Audacious. It's not a dirty word.

Most words have more than one meaning. Sometimes, though, that word becomes known more for its negative meaning than its good. Audacious is one of those words. When you hear audacious what first comes to mind? Is it someone who's reckless, disregards rules? Or is it someone who takes bold risks and is daring? As we prepared to introduce little ones to November's featured lady there was only one word that really described her: audacious, as in bold and daring. It's a perfect fit for this month's totally fearless female---Mae Jemison. Let's reclaim that word, shall we?


Mae Jemison. She is without a doubt one of the most inspiring, encouraging, and audacious ladies we've encountered. I'd wager that most people know Mae as the first black woman in space, but have you ever thought about how she got there? What launched her on her trajectory to space? It is the journey that she took to get to space that makes her audacious and made us want to celebrate her. 

Nichelle Nichols as Lt. Uhura

Nichelle Nichols as Lt. Uhura


Growing up in Chicago, Mae spent hours lying on her back looking up at the stars. This is where her fascination with space began. That fascination was further stoked by her love of Star Trek. To her, Star Trek was a portrayal of what was possible in life---men and women of different ethnicities and skills coming together for the common good on equal footing.  Seeing a woman who looked like her in the character of Lieutenant Uhura, Mae never thought that going to space wasn't possible. She just knew that one day she'd go to space.  As a child, she confidently announced that one day she would be in space. Rather than chastise her dream, her family encouraged it and supported it. Her claim might have seemed negatively audacious, but it wasn't. It was bold and fearless. It was audacious in the positive.

That was Mae: a woman who knew what she wanted and didn't reasons why she couldn't do something. To her, everything was possible; the universe was open to her. She seemed to approach everything in life with a tenacity that didn't quit. After all, this was a woman who went to college at 16 years old to study chemical engineering. That in and of itself is audacious! Can you imagine going to college at 16? No way! But she did and she rocked it. Sure she was younger than her classmates and she's said as a woman of color she often felt ignored by her professors, but that motivated her to press on, go to medical school, and join the Peace Corps.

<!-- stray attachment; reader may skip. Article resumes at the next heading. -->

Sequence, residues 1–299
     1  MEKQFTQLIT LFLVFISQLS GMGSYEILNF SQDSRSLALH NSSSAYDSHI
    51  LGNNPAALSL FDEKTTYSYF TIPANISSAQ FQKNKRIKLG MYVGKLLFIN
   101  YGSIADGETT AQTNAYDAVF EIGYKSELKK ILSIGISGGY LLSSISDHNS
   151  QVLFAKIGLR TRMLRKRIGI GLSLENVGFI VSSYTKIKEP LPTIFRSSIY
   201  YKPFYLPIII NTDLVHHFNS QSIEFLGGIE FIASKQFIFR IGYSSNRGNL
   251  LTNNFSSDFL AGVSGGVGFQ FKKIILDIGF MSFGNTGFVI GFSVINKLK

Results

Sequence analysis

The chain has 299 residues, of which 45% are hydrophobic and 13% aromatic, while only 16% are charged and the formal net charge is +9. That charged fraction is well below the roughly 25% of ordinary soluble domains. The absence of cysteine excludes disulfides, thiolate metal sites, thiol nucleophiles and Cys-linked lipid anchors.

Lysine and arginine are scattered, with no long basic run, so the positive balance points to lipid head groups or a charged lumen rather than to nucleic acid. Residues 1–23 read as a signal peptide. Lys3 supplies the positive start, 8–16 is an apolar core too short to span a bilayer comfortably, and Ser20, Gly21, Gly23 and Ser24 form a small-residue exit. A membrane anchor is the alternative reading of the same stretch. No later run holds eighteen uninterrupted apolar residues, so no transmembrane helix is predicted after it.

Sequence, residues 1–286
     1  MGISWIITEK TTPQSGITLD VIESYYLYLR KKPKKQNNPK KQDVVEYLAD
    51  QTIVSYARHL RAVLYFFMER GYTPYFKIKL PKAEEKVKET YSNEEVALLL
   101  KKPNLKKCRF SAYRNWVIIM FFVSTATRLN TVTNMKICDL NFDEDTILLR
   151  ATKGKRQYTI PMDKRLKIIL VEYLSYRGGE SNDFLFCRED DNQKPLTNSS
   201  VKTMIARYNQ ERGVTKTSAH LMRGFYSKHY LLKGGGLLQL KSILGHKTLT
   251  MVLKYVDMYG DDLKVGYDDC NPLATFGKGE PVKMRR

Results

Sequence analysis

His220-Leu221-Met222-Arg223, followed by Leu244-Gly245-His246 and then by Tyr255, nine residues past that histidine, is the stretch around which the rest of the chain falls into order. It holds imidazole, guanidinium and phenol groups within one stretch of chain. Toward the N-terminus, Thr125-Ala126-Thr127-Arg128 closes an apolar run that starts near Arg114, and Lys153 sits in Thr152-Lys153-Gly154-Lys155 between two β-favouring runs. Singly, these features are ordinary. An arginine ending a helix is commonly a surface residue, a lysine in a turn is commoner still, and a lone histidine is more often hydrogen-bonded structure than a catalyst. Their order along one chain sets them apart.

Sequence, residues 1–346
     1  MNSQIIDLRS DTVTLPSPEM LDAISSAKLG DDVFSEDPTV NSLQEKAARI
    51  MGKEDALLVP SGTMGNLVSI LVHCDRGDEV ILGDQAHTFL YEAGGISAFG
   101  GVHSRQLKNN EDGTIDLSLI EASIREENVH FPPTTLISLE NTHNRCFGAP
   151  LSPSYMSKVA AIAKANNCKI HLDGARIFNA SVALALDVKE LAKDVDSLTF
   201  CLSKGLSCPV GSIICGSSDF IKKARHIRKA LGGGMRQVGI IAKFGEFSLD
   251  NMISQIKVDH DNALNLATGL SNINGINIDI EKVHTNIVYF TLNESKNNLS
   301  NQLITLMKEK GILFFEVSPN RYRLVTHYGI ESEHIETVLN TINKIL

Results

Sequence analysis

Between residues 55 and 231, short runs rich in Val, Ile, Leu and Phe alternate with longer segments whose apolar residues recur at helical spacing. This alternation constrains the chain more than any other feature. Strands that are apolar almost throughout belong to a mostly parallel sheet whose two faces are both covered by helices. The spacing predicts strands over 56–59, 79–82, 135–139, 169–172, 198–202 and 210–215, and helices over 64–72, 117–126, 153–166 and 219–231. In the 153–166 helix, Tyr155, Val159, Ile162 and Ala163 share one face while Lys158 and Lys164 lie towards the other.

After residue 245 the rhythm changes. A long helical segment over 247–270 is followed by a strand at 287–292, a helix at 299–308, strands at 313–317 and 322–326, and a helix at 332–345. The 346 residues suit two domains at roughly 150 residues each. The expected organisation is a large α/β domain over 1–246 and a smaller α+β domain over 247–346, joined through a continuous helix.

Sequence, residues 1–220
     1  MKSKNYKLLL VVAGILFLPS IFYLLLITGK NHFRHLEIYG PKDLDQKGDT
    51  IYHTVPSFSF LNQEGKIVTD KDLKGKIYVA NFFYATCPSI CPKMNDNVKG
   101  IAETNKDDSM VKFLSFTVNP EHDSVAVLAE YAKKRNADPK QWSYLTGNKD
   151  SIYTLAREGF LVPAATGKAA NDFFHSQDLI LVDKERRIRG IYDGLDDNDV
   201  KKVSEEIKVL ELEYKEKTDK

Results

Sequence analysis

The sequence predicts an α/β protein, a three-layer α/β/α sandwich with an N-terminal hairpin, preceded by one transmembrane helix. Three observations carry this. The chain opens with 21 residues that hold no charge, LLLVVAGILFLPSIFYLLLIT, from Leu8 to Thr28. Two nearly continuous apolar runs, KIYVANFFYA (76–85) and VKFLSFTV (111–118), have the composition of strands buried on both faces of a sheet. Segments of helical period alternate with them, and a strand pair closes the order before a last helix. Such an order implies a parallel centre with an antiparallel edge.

It was while working in the Peace Corps. that we saw one of the greatest examples of Mae's audacity. Try to picture this scene. At 26 Mae's working as a doctor in Sierra Leone. In her second week there one of the volunteers gets sick and is diagnosed by another doctor with malaria. Mae wasn't sold on the other doctor's diagnosis. The patient worsened, which convinced Mae that he had meningitis with life-threatening complications. They weren't able to treat him in Sierra Leone so Mae took it upon herself to order a military medical evacuation on an Air Force hospital plane based in Germany. Just to start the process cost $80,000. Mae's order was quickly called into question by the U.S. Embassy. They began to question whether or not she had the authority to make such a call.  Mae's response? "Yet, after being up for 36 hours — familiar territory for a former Los Angeles County hospital intern — I was very calm and knew what the issues were. I patiently told them I didn't need anyone's permission or concurrence. By the time we reached the Air Force hospital in Germany, I had stayed up with that patient for 56 hours. Of course, he survived." Audacious. She was bold and took a professional risk to secure the patient's treatment. Sheesh. To have the presence of mind to not only question a colleague's diagnosis, but then stand up to the U.S. Embassy because you so believed in what you'd decided...audacious. 


There are so many other examples of Mae's audacity as she made her way to space. Or heck, even after her space journey! This was a woman who knew since childhood that she would one day go to space and yet, resigned from NASA after only one mission to fulfill other dreams.  She had so much more that she wanted to do. Since coming back to Earth, Mae has started her own company, is a college professor, and continues in her great passion, dance. Did you know Mae Jemison is an accomplished dancer!? She'd once thought about becoming a professional dancer. What can't she do!? 

Mae Jemison's audaciousness has taken her far. It even took her boldly where no other astronaut had gone before--she once guest starred on her beloved Star Trek! She is such an incredible example for girls. She knew what she wanted to do in life and audaciously declared it, went after it, and did it. How can we raise our girls to be like Mae? Let's foster their dreams rather than minimize them; let's encourage them to use their voice and advocate for themselves; and let's continue to introduce them to fearless women who've made our world better. Mae saw herself in the crew of Star Trek. Sally Ride once famously said, "You can't be what you can't see." Let's show girls they can by showing them women who did.